Piccard, Sébastien ULiege; Pagacz, Pierre ULiege; Boulanger, Christelle et al

in European Geriatric Medicine (2018, October), 2018(9 (supp 1)),

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See detailThe use of PRISMA statement improves the reporting quality of meta-analyses published in the field of psychology
Leclercq, Victoria ULiege; Beaudart, Charlotte ULiege; Ajamieh, Sara ULiege et al

in Value in Health Regional Issues (2018, October), 21

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See detailAge-related changes in circadian sleep-wake regulation: Impact on cognitive performance and cerebral correlates
Schmidt, Christina ULiege; Reichert, Carolin; Deantoni, Michele ULiege et al

in Journal of Sleep Research. Supplement (2018, September 26)

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See detailTOWARDS AN ONTOLOGY FOR THE STRUCTURING OF REMOTE SENSING OPERATIONS SHARED BY DIFFERENT PROCESSING CHAINS
Nys, Gilles-Antoine ULiege; Kasprzyk, Jean-Paul ULiege; Hallot, Pierre ULiege et al

in International Archives of the Photogrammetry, Remote Sensing and Spatial Information Sciences (2018, September 19), XLII(4), 483-490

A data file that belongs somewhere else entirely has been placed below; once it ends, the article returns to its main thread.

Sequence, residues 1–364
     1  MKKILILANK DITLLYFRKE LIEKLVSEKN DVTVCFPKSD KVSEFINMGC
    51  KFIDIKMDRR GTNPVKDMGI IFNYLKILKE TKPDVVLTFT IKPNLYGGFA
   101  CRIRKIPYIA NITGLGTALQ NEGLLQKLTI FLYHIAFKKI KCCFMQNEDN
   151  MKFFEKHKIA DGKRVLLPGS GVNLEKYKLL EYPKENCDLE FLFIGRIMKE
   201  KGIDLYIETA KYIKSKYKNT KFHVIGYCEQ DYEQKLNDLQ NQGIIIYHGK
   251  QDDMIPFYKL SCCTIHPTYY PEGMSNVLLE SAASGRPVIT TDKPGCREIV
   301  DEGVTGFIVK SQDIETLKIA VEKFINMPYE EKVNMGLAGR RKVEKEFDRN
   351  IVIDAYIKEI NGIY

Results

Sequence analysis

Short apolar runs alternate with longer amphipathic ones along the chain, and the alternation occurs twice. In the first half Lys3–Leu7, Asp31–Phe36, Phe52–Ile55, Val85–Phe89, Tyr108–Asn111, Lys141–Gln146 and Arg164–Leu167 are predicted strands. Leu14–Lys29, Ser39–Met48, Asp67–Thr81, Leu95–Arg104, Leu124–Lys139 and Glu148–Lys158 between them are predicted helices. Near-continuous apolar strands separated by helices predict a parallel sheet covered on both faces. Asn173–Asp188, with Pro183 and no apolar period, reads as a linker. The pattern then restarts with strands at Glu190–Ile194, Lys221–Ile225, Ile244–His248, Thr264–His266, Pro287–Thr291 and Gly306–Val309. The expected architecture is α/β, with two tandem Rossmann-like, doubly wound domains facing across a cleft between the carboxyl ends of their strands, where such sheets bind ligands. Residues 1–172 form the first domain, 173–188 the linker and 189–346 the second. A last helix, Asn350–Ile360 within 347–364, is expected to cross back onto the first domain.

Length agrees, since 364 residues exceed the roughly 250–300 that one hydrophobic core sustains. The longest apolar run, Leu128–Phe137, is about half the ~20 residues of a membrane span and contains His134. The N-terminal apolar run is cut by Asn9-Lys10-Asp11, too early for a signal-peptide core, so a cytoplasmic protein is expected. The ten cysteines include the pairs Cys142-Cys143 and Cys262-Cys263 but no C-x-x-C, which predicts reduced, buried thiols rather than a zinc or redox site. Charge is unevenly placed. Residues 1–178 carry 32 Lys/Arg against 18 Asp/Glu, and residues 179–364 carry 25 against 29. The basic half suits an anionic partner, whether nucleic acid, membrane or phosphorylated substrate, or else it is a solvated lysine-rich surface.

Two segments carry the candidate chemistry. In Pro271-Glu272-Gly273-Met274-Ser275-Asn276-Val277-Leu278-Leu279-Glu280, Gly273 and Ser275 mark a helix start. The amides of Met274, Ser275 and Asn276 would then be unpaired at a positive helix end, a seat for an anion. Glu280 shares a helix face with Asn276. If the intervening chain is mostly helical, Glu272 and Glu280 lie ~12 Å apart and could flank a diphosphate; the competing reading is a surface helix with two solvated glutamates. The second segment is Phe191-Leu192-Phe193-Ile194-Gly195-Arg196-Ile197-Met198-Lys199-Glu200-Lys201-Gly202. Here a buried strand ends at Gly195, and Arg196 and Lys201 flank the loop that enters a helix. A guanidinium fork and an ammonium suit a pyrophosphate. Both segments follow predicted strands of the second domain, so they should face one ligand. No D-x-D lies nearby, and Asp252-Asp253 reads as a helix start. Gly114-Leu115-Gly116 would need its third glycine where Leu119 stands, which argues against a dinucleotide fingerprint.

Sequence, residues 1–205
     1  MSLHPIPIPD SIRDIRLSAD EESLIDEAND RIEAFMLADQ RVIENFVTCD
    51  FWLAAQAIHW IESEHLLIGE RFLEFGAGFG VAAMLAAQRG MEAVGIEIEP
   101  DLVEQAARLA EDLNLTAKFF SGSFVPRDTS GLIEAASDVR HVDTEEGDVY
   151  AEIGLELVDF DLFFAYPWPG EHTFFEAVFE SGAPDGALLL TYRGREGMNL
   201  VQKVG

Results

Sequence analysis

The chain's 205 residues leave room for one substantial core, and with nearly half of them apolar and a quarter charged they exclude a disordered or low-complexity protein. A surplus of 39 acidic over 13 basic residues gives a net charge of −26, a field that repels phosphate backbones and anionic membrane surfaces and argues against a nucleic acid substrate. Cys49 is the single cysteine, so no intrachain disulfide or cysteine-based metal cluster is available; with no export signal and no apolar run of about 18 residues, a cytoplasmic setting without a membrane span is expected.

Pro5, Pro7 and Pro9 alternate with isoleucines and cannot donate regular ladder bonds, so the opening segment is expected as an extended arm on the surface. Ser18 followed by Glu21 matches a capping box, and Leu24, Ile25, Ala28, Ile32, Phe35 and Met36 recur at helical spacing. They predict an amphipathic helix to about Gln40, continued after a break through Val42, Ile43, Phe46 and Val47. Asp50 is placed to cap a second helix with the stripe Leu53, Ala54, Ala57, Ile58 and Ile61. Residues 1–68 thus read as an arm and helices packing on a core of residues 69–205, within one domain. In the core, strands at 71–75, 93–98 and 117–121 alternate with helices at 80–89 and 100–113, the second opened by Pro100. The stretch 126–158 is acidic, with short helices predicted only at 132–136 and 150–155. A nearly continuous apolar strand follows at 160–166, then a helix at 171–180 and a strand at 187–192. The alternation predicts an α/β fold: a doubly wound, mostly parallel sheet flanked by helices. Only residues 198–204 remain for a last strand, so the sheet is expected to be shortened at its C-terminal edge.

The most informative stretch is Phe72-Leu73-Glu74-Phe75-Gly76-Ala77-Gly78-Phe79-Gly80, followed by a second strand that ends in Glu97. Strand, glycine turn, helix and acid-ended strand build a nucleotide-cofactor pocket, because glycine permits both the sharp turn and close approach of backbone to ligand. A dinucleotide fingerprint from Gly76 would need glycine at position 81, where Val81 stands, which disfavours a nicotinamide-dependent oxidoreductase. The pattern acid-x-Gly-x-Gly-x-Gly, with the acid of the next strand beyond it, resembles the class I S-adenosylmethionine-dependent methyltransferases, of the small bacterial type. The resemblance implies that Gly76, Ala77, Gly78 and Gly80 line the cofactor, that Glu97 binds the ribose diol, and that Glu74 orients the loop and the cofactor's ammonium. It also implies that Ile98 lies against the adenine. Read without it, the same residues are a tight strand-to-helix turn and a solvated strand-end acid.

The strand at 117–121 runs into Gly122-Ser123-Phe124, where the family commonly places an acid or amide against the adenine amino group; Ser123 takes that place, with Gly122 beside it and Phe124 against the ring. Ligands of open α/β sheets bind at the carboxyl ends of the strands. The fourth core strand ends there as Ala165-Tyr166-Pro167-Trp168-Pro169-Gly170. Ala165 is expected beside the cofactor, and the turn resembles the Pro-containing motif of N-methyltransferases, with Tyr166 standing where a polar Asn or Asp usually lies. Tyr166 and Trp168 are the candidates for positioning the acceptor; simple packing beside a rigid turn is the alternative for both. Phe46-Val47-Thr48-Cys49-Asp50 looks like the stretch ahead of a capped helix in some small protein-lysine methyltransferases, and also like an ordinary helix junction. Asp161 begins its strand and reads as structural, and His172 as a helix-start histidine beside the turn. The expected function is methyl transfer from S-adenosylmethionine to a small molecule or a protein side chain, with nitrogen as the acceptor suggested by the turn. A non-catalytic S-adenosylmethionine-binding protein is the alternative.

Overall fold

This paper proposes an ontology to structure and describe processing chains in the remote sensing field. These chains are made up of elementary elements (operations) organized in collections. The ... [more ▼]

This paper proposes an ontology to structure and describe processing chains in the remote sensing field. These chains are made up of elementary elements (operations) organized in collections. The collection notion, including information about order and repeatability of the elements, is widely defined by using the relations between their constituting items and relations to the whole data store. Applications of the ontology are illustrated with web services provided by a platform for users and providers of processing chains. A graphical interface facilitates data integration in a RDF triple store. Thanks to the management of metadata (ISO19115-3), relevant information can be requested by intelligent search engines. Graph analysis, errors management and consistency rules are computed in order to gather coherent information from the different sources. Results of these analyses are then used by machine learning algorithms for new knowledge discovery. [less ▲]